However, the plot part that you will surely not forget about "Phoenix" is neither of those two but what happens to Jesse and Jane in this episode. I'm not spoiling it for you, but it's indubitably the most intense moment up to that point on Breaking Bad. Bryan Cranston, who is also involved in this unforgettable scene, does a phenomenal acting job in that particular scene, it is crystal clear (no pun intended) why this man has won three Emmys for this role. What happened previous to that excellent closing scene is not nearly as good, but I at least appreciate the writer's idea of how to let this story come to an end. It's just that the screenplay gives the involved actors some cheesy lines and admittedly, Aaron Paul and Krysten Ritter don't seem to have had their best of days whilst shooting this episode. Anyway, there's still the aforementioned stand-out scene and before that, a great conversation between two characters you wouldn't have expected to meet up for a talk.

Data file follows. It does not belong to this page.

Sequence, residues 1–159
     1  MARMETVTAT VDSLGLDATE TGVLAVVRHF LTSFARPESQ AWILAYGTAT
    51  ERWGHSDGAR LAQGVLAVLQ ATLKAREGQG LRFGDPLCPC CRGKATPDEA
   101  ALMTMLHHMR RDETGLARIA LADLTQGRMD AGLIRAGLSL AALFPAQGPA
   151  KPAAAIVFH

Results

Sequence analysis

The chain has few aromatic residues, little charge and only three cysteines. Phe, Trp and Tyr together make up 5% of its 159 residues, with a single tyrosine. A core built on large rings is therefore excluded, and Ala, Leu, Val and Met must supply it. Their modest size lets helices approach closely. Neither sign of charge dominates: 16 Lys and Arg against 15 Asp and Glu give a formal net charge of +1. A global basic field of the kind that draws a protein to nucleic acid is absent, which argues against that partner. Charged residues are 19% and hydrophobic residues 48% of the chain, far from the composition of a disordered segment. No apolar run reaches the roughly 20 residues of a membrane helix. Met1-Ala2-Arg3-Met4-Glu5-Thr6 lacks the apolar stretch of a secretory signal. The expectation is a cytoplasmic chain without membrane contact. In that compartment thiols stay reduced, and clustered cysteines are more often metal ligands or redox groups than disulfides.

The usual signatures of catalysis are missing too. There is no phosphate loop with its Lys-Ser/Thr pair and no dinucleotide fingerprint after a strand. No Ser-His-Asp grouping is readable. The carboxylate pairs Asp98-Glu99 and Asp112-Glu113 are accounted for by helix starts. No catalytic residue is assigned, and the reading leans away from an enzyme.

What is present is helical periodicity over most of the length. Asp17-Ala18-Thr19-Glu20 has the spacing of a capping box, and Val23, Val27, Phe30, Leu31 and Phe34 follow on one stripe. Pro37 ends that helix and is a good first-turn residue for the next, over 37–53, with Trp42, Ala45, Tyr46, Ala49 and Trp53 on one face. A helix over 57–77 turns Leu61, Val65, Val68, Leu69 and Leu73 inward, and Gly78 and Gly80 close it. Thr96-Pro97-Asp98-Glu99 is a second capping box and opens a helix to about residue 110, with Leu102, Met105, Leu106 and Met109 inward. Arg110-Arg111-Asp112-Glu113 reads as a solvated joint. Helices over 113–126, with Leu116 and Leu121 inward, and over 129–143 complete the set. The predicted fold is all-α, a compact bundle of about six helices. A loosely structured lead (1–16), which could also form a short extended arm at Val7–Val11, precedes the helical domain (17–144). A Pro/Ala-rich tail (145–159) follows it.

I consider "Phoenix" to be one of season two's best episodes, yet it still isn't perfect and a tad unentertaining at times.moreless
  • Damn..

    The end was really sad..
  • Greatest TV show ever?

    (small spoilers ahead, vague references to season 5)

    A fantastic episode.

    For me, Walt's actions stopped being justifiable ever since he didn't accept they Grey Matter money. He decided to put his family's life in danger, and ruin the lives of others by cooking meth, instead of losing face and accepting the money. Did he do this for his family? Absolutely not. He did it for himself. You can't fully hate Walt even though you really should that early on, because I still empathise with him, even though I rationally know I shouldn't.